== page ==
- Inexpensive: Making enough preparations prior to your trip will make everything go smoothly. You may decide to use the CTC Plastic Bike Bag or the one you have made by yourself. If you are settling for the Plastic Bike Bag, it sells for just $13.50 in US stores. If you are making your own, then it becomes cheaper. Though considering the time it will take you to run around, find plastic sheeting and seal it with a duct tape, you may want to avoid that stress and just buy one. Whatever your choice, you will still discover that it is inexpensive.
- Your bike is handled more carefully: First, because your bike will be visible in the plastic bag, airline baggage handlers will likely handle it with utmost care. When you deposited your bikes at the luggage desk, you can watch how baggage handlers will carefully lift it off the desk while carrying it to the loading area. This shows that your bike won’t be thrown around like an ordinary luggage. Second, the odd shape of the bike inside the plastic bag makes will discourage handlers from stacking it under other luggage in the cargo carriage. This reduces the risk of getting your bike damaged during the loading or the entire flight. Hence, no need to worry that your bike will be crushed. Your bikes will emerge at your destination in a perfect condition, despite the number of connections or overnight lay-over you may have had in the course of your journey.
How do you pack your bike in a plastic bag?
This may be the next question you are interested in asking: how do I pack my bike inside a plastic bag? If you use a clear plastic bag to pack your bike onto an airplane only basic disassembly is needed. First, make an effort to check with your airline because carriers have differing regulations. Most airlines will accept a bike packed in a plastic bag and only expect you to turn the handlebar in a parallel position, deflate the tires and remove your bike’s pedals. As simple as that seems, you still need to take some precautions while doing this. You should be a bit more careful in the process of adding padding to the front derailleur, lowering the saddle, removing the rear derailleur from the frame, and securing the front wheel from flopping about.
For your convenience, the following procedures are required in order to successfully disassembly your bike:
- First, remove your pedals and turn the handlebar parallel to the frame. It is a good idea to lower the saddle of your bike.
- Secure the front wheel by preventing it from flopping around. You can use some spare line or thread for this. There is no restriction on what you can use as long as the front wheel is secured before putting your bike in the plastic bag.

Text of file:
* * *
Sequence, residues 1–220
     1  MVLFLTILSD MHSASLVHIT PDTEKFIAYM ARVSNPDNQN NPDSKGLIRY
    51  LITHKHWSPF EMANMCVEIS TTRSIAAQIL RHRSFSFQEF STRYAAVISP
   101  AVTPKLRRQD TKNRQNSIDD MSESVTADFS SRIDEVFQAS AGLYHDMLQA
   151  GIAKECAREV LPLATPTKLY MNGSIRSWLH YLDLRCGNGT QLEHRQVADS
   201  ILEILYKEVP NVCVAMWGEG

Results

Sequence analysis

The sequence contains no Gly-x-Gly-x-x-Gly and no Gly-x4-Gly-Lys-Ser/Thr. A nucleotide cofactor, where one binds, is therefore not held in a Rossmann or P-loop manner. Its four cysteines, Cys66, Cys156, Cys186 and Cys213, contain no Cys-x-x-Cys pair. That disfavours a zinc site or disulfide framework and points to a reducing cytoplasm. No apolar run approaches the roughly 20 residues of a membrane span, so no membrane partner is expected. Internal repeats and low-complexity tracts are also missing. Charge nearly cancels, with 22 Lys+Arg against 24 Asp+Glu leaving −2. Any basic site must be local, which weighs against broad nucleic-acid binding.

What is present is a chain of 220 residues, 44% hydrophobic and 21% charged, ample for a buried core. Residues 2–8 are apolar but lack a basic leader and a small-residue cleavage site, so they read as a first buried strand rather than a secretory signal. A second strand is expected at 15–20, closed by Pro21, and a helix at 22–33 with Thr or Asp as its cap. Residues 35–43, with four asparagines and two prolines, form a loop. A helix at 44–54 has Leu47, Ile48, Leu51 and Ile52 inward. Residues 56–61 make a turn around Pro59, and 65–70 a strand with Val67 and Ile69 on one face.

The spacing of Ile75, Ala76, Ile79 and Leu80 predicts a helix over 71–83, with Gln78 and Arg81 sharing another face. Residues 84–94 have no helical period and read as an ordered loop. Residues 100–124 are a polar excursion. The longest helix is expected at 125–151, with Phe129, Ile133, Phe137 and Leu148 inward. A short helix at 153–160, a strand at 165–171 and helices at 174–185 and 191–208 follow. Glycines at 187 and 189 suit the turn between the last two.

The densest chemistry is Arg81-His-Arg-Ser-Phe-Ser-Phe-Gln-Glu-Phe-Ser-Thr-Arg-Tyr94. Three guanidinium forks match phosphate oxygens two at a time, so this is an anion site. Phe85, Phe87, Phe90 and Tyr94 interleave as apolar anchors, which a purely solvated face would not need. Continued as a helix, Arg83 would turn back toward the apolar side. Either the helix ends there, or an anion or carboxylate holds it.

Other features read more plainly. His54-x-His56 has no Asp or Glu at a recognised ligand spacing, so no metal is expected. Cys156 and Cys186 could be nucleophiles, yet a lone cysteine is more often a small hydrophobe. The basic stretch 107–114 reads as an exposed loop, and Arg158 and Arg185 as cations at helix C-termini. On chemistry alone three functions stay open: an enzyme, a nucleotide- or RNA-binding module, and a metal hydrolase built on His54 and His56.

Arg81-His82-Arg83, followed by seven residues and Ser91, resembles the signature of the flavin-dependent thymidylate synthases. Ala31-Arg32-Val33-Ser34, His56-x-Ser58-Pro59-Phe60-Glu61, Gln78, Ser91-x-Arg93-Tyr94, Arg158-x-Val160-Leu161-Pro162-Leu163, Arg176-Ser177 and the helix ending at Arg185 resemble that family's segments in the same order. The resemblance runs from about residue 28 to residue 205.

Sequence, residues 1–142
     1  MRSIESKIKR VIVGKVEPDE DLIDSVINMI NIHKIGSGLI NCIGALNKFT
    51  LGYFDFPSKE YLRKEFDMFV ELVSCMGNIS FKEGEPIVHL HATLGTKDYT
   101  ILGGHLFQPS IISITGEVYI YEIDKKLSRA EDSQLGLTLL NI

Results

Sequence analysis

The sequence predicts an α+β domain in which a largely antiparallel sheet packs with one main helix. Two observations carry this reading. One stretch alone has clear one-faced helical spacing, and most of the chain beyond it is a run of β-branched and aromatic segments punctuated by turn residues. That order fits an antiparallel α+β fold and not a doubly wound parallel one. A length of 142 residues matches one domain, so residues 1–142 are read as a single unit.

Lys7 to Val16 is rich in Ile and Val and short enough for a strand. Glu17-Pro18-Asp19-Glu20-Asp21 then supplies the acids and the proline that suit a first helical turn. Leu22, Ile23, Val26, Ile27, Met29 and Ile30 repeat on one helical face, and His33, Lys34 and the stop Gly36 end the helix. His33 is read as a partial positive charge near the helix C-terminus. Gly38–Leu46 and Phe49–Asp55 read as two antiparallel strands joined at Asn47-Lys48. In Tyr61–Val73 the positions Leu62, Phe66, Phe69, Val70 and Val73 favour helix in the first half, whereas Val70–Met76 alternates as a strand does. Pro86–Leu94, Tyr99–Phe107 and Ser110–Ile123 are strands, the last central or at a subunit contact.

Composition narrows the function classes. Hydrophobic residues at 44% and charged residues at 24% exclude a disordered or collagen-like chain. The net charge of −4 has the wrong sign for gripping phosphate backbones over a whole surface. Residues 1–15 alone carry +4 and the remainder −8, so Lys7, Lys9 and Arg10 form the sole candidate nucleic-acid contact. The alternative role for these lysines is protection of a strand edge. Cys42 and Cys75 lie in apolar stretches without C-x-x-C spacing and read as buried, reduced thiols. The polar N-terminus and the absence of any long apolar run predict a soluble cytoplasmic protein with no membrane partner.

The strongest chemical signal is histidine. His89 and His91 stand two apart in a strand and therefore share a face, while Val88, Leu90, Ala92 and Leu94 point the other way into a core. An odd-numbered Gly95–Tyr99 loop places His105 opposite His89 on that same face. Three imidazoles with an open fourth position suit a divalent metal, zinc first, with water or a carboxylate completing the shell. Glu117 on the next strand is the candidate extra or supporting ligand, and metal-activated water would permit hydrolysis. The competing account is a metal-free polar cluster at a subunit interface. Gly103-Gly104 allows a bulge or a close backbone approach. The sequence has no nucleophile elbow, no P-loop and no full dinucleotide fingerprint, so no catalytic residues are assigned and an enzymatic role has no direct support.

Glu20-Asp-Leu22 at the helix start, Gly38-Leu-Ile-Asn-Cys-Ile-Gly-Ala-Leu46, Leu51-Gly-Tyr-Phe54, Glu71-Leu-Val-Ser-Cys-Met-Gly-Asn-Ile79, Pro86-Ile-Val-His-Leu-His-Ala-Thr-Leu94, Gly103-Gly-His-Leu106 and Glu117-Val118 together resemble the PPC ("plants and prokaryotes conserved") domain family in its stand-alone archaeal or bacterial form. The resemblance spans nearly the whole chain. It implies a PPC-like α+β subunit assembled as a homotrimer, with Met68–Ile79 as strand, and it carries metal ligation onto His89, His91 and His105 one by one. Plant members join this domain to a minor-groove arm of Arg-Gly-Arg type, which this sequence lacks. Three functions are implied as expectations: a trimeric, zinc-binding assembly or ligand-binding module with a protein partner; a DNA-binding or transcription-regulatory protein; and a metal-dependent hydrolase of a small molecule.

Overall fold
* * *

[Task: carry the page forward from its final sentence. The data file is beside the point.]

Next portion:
- The rear derailleur is a big headache of the bike while packing it. You should carefully remove it from the frame so as to prevent any damage to the frame or derailleur. You can use a duct tape and a ‘disposable’ water’s pet bottle to hold the rear derailleur in place and protect it while in transit.
- Once you have carefully placed your bike in the plastic bag then fold over the top flap and seal it with heavy tape, like duct tape or packing tape. To be sure nothing will fall out of the plastic during flight, you can wrap the bike from one end to another. This will secure the plastic bag and prevent it from snagging in-flight.
Will my bike arrive safely?
If you are flying your bike for the first time, the thought that will surely occupy your mind will be whether your bike will survive the flight or not. But you will find out that baggage handlers are actually human beings after all. Once they had seen your bicycle in the plastic bag, they had done everything in their power to treat it with respect. So, instead of throwing an anonymous cardboard box around and piling hundreds of pounds of suitcases on top of it, the plastic bag compels them to handle your bike with plenty of care.
While it is impossible to make a fool-proof of anything, there is every possibility that flying your bike may end up the best decision you have made in your life. When you consider the time and effort required to put your bike into the box, you may see why the plastic bag technique is the favorite among time- and cost-conscious bikers. To do this successfully, you should always check with your airline, because there are different regulations according to different carriers.
Whatever approach you are going to utilize, always remember that time, money and the length of preparation matter. Some bikes are not just comfortable seeing their naked bikes being shown to the entire world in a plastic bag. For example, riders of expensive bikes will feel more comfortable concealing from the public eyes. But if you believe you have got nothing to worry about, the plastic bag method may be your better choice. It would only compel the baggage handlers to deal respectively with your bike, it will also give you the power to complain immediately once you noticed any damage on your bike at the baggage claim area when you arrived at your destination.
2 thoughts on “This Is How Flying with A Bike Should Be Done”
Forget about the baggage handlers being careful when handling your bagged bike. Here’s what happened to mine: https://www.youtube.com/watch?v=fnIza3yHpcU
That’s bad! Never seen anything like this before.